State of Play (2009)

  • Time: 132 min
  • Genre: Drama | Mystery
  • Director: Kevin Macdonald
  • Cast: Russell Crowe, Ben Affleck, Rachel McAdams, Helen Mirren, Robin Wright, Jason Bateman, Jeff Daniels


A petty thief is gunned down in an alley and a Congressman’s assistant falls in front of a subway – two seemingly unrelated deaths. But not to wisecracking, brash newspaper reporter Cal McAffrey who spies a conspiracy waiting to be uncovered. With a turbulent past connected to the Congressman and the aid of ambitious young rookie writer Della Frye, Cal begins uprooting clues that lead him to a corporate cover-up full of insiders, informants, and assassins. But as he draws closer to the truth, the relentless journalist must decide if it’s worth risking his life and selling his soul to get the ultimate story.

One comment

  • It has all the makings of a quality Hollywood thriller.

    Written by Matthew Michael Carnahan (The Kingdom, 2007), Tony Gilroy (Michael Clayton, 2007) and Billy Ray (Shattered Glass, 2003), directed by Kevin Macdonald (The Last King of Scotland, 2006) and starring an A-list cast comprising of Russell Crowe, Helen Mirren, Robin Wright, Ben Affleck, and Rachel McAdams, State of Play successfully combines a dizzying host of talents off and on screen, resulting in one of the year’s most absorbing and accomplished corporate thrillers, even though it is a remake.

    Adapted from a hit British television series of the same name, State of Play packs more content into two hours than any other film of the year. It is no easy task to translate complex and dense episodic material to the big screen, but the screenwriters have stood up to that task with aplomb.

    The film introduces the main plot through the death of a prominent woman who had an affair with Congressman Stephen Collins (Affleck). Was it really a suicide? Or was it murder? Uncovering links that point to the latter, investigative journalists Cal McAffrey (Crowe) and Della Frye (McAdams) know that they have a sensational story in their hands.

    State of Play follows the pursuits of Cal and Della as they attempt to report the truth despite the political, corporate, and social quagmire they find themselves in. In a desperate bid to meet deadlines, appease a nagging boss (Mirren), and more crucially, to expose a massive conspiracy, they resort to journalistically unprofessional methods to find evidence and facts that would back up their claims.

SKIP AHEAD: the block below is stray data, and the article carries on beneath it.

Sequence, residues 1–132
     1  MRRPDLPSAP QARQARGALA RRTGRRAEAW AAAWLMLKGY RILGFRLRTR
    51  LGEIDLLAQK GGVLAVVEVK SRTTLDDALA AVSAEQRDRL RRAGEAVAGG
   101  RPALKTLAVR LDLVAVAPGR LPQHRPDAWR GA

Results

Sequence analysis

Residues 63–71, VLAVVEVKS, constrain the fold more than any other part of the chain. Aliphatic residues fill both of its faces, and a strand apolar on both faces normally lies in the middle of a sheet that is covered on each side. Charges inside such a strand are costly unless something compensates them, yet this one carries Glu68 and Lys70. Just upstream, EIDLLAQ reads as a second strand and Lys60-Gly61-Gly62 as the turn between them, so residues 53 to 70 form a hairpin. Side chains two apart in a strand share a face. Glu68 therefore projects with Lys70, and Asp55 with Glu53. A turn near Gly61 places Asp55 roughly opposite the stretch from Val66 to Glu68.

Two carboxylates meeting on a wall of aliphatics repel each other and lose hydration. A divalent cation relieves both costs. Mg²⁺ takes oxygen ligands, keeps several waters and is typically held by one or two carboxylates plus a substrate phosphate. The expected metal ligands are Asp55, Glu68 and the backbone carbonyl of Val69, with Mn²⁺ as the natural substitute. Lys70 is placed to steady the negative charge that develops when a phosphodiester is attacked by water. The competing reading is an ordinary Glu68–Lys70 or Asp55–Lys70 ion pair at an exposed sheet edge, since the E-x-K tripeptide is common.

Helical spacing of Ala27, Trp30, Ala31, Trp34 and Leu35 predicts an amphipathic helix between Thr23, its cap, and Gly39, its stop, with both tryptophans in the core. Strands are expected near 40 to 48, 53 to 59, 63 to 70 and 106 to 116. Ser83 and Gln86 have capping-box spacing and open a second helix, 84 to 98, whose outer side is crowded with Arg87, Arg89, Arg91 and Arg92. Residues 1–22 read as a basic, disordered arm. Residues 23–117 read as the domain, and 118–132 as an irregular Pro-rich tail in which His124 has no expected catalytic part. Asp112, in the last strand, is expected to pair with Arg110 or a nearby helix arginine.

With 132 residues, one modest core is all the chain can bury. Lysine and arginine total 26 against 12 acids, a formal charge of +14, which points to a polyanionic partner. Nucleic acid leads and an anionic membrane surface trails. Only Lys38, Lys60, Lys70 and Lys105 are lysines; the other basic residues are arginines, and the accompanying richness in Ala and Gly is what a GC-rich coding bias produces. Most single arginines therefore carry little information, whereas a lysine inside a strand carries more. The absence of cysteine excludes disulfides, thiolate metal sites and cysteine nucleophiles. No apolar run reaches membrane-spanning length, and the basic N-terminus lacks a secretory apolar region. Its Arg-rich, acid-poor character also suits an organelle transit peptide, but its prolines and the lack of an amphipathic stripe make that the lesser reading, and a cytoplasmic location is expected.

The film raises real questions on the ethics of journalism. Are reporters anything more than ruthless cops with a pen and paper, probing their way and recording any potential slip of the tongue?

    Crowe gives the film’s best performance with a laidback portrayal of Cal, a streetwise and experienced professional in his field who becomes acutely vulnerable when faced with life-threatening situations. Affleck shows some serious acting ability which feels queer because his acting has always been mediocre. But it is a step in the right direction. The supporting cast are mostly in their element so there is never a dull moment in the film.

    The dialogue is sharp, and is conveyed with immediacy but it never feels rushed. Because the bulk of the screenplay focuses on the story, character development is somewhat compromised. Thankfully, Macdonald is able to skilfully define each character’s persona despite the limits.

    Despite the twists and turns of the plot, there is one consistency. The establishment of the murderer early on in the film gives us someone to identify with. But who pulls the strings behind the curtain is shrouded in mystery. This is a key factor State of Play works so well. There are chilling revelations which crank up the suspense.

    Yet the most nerve-wrecking moment in the film is a conventional hide-and-seek sequence set in a dim basement car park late at night. Cal’s vulnerability as he desperately finds a way to escape the armed killer is laid bare here. There is nothing great or special about the scene, but because everything builds up to that point, it remains to be one of the most tense moments in all of contemporary thrillers.

    GRADE: A- (8.5/10 or 4 stars)
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